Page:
At first blush, it sounds outrageous that California politicians should be amassing multimillion-dollar political war chests for supposed ballot measure campaigns, then spending it for other political purposes, for semi-personal expenses or, in at least one case, for criminal defense lawyers.
In reality, however, the rampant use of ballot measure funds to circumvent restrictions on direct contributions to candidates and officeholders in California is just additional evidence that the limits were wrong-headed in the first place.
This column and other critics pointed out that Proposition 34, devised by the Legislature to stave off even tighter contribution restrictions and enacted by voters nearly a decade ago, would simply encourage clever politicians to find ways to get around limits, such as moving money through parties, and drive the whole business of political money underground.
That's precisely what's happened.
Never miss a local story.
Gov. Arnold Schwarzenegger and lesser politicos set up so-called ballot measure committees, to which contributions were not restricted.
Additionally we saw the explosion of so-called "independent expenditures" on behalf of politicians and of using political parties and other entities to launder special interest funds.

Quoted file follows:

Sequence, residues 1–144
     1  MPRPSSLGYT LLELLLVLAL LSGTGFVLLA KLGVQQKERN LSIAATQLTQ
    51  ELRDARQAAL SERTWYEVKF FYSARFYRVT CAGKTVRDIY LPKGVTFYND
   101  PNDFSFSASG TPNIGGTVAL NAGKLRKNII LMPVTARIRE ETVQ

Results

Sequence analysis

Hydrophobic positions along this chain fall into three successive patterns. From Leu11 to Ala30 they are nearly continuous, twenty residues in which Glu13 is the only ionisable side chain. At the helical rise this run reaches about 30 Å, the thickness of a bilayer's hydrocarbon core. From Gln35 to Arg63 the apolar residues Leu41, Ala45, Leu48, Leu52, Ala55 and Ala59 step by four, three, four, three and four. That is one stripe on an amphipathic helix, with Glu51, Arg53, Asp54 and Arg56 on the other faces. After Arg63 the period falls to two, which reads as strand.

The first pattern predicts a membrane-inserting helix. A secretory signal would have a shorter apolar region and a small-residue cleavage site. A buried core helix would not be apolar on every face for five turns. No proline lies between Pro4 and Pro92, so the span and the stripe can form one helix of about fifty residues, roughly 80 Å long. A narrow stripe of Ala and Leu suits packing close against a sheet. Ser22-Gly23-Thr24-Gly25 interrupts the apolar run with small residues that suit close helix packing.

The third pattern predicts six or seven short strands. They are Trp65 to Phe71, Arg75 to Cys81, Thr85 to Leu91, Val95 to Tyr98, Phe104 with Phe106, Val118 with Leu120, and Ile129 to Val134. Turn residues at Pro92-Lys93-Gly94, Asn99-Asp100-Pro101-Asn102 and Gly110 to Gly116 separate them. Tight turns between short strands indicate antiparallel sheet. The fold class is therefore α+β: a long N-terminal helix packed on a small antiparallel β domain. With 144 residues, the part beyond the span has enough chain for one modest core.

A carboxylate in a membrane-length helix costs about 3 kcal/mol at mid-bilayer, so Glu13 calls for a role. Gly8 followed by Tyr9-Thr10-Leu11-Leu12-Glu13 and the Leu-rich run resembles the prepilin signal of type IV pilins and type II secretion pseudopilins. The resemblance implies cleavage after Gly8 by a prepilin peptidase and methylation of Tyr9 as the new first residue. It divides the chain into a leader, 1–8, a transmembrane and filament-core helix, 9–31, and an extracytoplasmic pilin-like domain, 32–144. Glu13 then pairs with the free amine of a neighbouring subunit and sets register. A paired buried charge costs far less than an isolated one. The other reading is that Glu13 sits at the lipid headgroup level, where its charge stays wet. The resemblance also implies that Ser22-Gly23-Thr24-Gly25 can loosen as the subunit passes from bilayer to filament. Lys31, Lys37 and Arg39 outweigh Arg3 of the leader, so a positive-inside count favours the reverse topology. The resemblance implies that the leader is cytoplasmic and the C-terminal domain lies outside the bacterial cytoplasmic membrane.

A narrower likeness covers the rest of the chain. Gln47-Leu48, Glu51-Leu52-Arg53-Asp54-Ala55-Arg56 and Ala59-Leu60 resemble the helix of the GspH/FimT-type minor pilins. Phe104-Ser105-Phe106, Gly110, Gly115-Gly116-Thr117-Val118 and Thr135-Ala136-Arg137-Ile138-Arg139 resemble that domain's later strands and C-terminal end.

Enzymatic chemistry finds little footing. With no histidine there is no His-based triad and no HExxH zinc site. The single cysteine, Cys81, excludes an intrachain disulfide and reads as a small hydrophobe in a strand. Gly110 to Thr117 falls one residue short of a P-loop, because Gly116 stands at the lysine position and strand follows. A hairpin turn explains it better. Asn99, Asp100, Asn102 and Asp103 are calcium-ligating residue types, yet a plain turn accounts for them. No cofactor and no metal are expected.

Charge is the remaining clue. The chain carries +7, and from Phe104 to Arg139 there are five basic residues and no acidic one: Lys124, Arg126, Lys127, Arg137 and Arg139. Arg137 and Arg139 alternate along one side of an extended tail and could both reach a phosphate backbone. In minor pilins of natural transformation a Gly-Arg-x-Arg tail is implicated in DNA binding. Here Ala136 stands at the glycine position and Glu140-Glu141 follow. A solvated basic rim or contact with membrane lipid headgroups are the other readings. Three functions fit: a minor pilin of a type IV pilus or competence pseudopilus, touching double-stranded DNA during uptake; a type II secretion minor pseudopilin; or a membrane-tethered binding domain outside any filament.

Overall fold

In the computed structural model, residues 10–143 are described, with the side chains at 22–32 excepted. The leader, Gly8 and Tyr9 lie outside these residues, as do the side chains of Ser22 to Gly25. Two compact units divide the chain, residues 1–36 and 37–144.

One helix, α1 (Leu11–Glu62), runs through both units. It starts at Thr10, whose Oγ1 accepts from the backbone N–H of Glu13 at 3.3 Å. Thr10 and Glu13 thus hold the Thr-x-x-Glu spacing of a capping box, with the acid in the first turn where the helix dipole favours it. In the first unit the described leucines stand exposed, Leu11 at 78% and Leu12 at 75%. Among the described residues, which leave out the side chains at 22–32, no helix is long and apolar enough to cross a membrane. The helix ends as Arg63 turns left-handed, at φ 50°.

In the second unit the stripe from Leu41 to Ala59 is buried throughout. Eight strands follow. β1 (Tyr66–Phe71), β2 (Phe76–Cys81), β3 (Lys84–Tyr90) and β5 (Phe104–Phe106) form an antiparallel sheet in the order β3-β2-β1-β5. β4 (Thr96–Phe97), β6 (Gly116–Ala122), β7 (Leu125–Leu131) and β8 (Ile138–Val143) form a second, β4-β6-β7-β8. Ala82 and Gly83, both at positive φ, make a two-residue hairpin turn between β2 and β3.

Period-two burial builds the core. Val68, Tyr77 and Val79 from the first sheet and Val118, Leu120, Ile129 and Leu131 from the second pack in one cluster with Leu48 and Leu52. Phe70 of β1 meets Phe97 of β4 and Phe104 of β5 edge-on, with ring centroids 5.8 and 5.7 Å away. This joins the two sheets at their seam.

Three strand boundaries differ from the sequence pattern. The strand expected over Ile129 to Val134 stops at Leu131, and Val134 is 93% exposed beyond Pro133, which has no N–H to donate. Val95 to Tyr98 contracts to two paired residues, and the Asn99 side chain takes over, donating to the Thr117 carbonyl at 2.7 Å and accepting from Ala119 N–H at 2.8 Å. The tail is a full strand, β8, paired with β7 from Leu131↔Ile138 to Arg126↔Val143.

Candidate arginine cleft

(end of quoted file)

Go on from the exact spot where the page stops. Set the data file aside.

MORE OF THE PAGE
It's no accident, for example, that the annual fundraising golf tournament sponsored by the speaker of the state Assembly now directs the money, often tens of thousands of dollars at a clip, into the state Democratic Party's treasury, rather into the speaker's own campaign fund.
As a Republican legislator, Ross Johnson was a progenitor of California's limits on individual campaign contributions and now as chairman of the Fair Political Practices Commission he's outraged that politicians are circumventing his rules by creating ballot measure committees as fronts for unlimited political fundraising, calling them "open-ended slush funds."
At Johnson's behest, the FPPC last week adopted new rules that restrict, somewhat, how those funds are used.
But he knows, or he certainly should know, that adopting even more rules won't prevent clever political minds from devising other ways to skirt the restrictions.
Ultimately, you cannot reduce special interest influence via restricting campaign money without repealing free speech because the stakes in political decision-making are so large.
The only real political effect of such restrictions is to drive influence-peddling underground, thus making it ever more difficult to connect the contributors and their interests with the recipients and their official actions.
If you keep doing the same thing while expecting a different result, you're either terminally naïve or insane.
We should junk all restrictions, let anyone give any amount to any politician or cause they wish, require full and immediate disclosure so the connections can be charted, and impose draconian penalties for failure to do so.
That other stuff is nonsense.
Dan Walters is a columnist for The Sacramento Bee.